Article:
The buying continued this week, with all grains posting healthy gains. Beans continued their rally and are up $1.80 per bushel from Aug. 10. Several reasons for the huge run up are the low potential yields, big purchases by China and possible adverse weather in South America during their upcoming growing season.
Corn seems to be along for the ride. There have been some nice export sales, but corn yield potential looks pretty good at this point.
Early harvest reports
As the corn harvest begins, early observations suggest that areas that looked very good in July haven’t been impacted much by the late August heat. Even the areas that were dry in both July and August are seeing yields generally in line with what farmers were expecting.
Early bean harvest reports are limited and show wide-ranging yields. So far, many farmers are disappointed with early yields, a few say it’s better than average. It will take another 2 weeks for more accurate yield information to become available.
On Monday 9/14/20, I sold my first 25% of 2020 beans at $10 futures. I’d been waiting since June 7 of 2018 (over 27 months) to sell $10 new crop beans again, so I didn’t want to miss the opportunity. I hope it’s the worst level I sell all year.
Last February, when March ’20 beans were trading $8.90 and November ’20 beans were $9.25, I gave a marketing presentation to a large group of Nebraska farmers where I discussed the possibility of the market trading above $10 again. I told the group of farmers for this too occur that the U.S. needed to plant less than 85 million acres of beans, yields would only need to be near trendline, but exports needed to reach pre-trade war levels. Eight months later, most of these requirements are being met, and prices are above $10.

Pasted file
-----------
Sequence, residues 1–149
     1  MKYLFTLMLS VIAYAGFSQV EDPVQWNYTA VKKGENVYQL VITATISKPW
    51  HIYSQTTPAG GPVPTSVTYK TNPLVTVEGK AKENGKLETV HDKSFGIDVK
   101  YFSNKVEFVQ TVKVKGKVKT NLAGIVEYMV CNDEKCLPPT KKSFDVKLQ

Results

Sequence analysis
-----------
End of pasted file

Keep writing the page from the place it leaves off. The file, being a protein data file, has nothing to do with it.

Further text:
That makes 13 of the last 14 years where beans traded $10 at some point during the marketing year. In each of those 13 years, $10.50 was also eventually hit. On Friday, November ’20 beans traded just over $10.46, so I’m hopeful the rally will continue.
In 9 of the last 13 marketing years beans hit $11, and then eventually $12, too. While that would be great, given current global factors, $11 beans may be tricky to hit. It would likely take a U.S. yield reduction, increased China exports, or some weather issues in South America.
I’ll continue to hope for $11 to $12 beans, but I’m certainly happy with $10+ beans right now.
Please email email@example.com with any questions or to learn more. Jon grew up raising corn and soybeans on a farm near Beatrice, NE. Upon graduation from The University of Nebraska in Lincoln, he became a grain merchandiser and has been trading corn, soybeans and other grains for the last 18 years, building relationships with end-users in the process. After successfully marketing his father’s grain and getting his MBA, 10 years ago he started helping farmer clients market their grain based upon his principals of farmer education, reducing risk, understanding storage potential and using basis strategy to maximize individual farm operation profits. A big believer in farmer education of futures trading, Jon writes a weekly commentary to farmers interested in learning more and growing their farm operations.
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